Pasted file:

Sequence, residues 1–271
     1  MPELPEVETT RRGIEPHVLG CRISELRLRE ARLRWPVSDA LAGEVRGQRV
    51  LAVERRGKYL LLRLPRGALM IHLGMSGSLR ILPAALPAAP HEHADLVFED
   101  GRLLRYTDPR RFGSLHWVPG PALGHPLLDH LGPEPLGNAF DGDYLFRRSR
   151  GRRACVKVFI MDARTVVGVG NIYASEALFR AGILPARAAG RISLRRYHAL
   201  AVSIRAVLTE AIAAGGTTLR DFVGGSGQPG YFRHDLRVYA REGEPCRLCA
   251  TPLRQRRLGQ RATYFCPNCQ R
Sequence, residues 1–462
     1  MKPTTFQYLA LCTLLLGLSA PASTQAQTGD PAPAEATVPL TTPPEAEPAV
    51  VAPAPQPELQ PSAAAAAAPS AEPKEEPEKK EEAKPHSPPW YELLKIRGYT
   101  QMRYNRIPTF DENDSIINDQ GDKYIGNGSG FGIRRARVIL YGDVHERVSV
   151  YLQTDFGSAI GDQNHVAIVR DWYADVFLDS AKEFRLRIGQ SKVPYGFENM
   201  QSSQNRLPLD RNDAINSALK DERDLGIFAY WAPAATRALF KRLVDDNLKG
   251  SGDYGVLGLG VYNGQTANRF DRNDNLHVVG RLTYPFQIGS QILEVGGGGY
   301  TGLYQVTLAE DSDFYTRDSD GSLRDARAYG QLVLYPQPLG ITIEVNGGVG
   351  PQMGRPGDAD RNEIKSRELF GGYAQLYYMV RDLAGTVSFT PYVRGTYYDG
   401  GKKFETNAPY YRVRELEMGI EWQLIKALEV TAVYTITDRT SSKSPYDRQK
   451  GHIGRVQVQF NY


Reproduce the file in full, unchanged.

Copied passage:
Sequence, residues 1–271
     1  MPELPEVETT RRGIEPHVLG CRISELRLRE ARLRWPVSDA LAGEVRGQRV
    51  LAVERRGKYL LLRLPRGALM IHLGMSGSLR ILPAALPAAP HEHADLVFED
   101  GRLLRYTDPR RFGSLHWVPG PALGHPLLDH LGPEPLGNAF DGDYLFRRSR
   151  GRRACVKVFI MDARTVVGVG NIYASEALFR AGILPARAAG RISLRRYHAL
   201  AVSIRAVLTE AIAAGGTTLR DFVGGSGQPG YFRHDLRVYA REGEPCRLCA
   251  TPLRQRRLGQ RATYFCPNCQ R
Sequence, residues 1–462
     1  MKPTTFQYLA LCTLLLGLSA PASTQAQTGD PAPAEATVPL TTPPEAEPAV
    51  VAPAPQPELQ PSAAAAAAPS AEPKEEPEKK EEAKPHSPPW YELLKIRGYT
   101  QMRYNRIPTF DENDSIINDQ GDKYIGNGSG FGIRRARVIL YGDVHERVSV
   151  YLQTDFGSAI GDQNHVAIVR DWYADVFLDS AKEFRLRIGQ SKVPYGFENM
   201  QSSQNRLPLD RNDAINSALK DERDLGIFAY WAPAATRALF KRLVDDNLKG
   251  SGDYGVLGLG VYNGQTANRF DRNDNLHVVG RLTYPFQIGS QILEVGGGGY
   301  TGLYQVTLAE DSDFYTRDSD GSLRDARAYG QLVLYPQPLG ITIEVNGGVG
   351  PQMGRPGDAD RNEIKSRELF GGYAQLYYMV RDLAGTVSFT PYVRGTYYDG
   401  GKKFETNAPY YRVRELEMGI EWQLIKALEV TAVYTITDRT SSKSPYDRQK
   451  GHIGRVQVQF NY